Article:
The second of my medical video narrations for the London Oncology Clinic is now online.

The LOC, based in London’s world-famous Harley Street, wanted to give prospective patients an idea of what they might expect from the clinic, and the they created a first video “walk-through” in the virtual world of Second Life last year. This was so successful that they decided to make a second video, showing the different types of scan for patients. You can also see both videos and visit the London Oncology Clinic website here.

Posted in news, Voiceovers | Tagged: , , , , , | 1 Comment »

“Will work for $25” – or, How Low Will You Go?

Posted by MikeCooper on April 2, 2009

There’s been some talk in the Voiceover Blogosphere this week about that which is the root of all evil: money. We Limeys generally think it’s vulgar to discuss it, but fortunately the Yanks are on hand to put paid to such nonsense…

First up, EdgeStudio, the voice-over training and production company, published their advice on the rate card as they see it, listing ballpark figures in US Dollars for various types of voiceover job. It comes with the following caveat:

“Edge Studio put together the following rates as pure suggestions. It is meant to reflect average and realistic dollar amounts being fairly charged within the industry. PLEASE USE THIS ONLY AS A GUIDE – RATES VARY from city to city, client to client, job to job, and voice talent to voice talent.”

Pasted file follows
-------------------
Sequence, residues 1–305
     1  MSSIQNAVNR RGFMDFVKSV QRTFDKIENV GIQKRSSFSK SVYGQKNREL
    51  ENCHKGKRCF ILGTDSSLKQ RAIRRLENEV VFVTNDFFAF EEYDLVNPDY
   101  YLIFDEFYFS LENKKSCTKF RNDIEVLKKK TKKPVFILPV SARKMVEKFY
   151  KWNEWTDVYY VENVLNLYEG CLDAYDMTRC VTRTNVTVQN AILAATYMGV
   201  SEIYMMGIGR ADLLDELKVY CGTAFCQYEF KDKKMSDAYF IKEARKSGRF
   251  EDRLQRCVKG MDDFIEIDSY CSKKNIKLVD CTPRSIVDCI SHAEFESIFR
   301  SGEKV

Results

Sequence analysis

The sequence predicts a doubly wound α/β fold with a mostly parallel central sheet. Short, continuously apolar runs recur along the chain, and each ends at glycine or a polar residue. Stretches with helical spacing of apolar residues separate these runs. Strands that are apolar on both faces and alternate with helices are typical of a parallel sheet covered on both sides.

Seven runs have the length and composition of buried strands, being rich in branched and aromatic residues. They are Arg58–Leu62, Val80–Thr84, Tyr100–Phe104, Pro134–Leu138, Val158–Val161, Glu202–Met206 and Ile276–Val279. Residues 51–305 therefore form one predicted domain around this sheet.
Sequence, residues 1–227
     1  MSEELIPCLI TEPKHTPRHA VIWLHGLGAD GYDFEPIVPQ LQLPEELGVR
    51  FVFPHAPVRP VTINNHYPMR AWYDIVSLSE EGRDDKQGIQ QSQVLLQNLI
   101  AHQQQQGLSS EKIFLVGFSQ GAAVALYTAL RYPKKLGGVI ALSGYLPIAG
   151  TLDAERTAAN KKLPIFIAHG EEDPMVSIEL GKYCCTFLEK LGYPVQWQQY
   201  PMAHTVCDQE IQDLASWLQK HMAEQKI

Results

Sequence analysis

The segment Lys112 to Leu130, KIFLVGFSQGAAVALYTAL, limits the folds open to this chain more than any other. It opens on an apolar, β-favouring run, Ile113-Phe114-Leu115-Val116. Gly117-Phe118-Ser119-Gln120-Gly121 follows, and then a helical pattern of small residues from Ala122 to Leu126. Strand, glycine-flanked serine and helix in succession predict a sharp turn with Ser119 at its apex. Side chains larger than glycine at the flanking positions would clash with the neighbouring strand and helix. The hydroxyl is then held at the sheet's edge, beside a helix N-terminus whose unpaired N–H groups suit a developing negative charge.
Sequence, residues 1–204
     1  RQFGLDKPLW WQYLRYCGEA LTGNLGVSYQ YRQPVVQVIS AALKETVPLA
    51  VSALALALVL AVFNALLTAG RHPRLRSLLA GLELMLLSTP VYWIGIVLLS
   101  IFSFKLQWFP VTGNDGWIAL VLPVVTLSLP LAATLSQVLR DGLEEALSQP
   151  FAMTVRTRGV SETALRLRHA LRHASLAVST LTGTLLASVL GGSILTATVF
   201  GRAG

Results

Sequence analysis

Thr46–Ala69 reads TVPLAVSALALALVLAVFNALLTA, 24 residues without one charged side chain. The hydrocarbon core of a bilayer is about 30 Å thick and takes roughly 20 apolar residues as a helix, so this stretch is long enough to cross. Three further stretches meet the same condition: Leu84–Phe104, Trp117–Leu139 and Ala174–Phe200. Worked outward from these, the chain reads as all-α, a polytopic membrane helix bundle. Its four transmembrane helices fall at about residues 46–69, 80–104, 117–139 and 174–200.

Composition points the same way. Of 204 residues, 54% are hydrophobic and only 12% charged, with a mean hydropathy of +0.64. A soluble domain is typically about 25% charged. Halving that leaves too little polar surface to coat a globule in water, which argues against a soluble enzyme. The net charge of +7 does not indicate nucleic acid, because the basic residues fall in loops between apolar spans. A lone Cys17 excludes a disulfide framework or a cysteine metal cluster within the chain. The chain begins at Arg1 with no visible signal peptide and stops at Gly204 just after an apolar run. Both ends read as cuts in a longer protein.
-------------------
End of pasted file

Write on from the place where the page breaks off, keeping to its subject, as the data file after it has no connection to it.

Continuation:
Nonetheless, it makes an interesting starting point. The article was then picked up by Voice-Over Extra. Both Voices.com and Voice123.com also make their thoughts clear with their own guides to industry rates.

Then secondly, Stephanie Ciccarelli of Voices.com posted an interesting article on her Facebook page here, which also got me thinking.

Of course, for the benefit of anyone reading this Stateside, we’re talking about “Non-Union” rates: SAG and AFTRA have their own, very firm, ideas on pricing for sessions, usage, residuals (ah, remember those?) and so on, and they aren’t negotiable. The thing is, here in the UK we’re not subject to the same union pressures, and Equity doesn’t have the same grip on the voiceover business as the American unions seem to (possibly a good thing, if Equity’s paltry rates for commercial radio are anything to by – but that’s another story).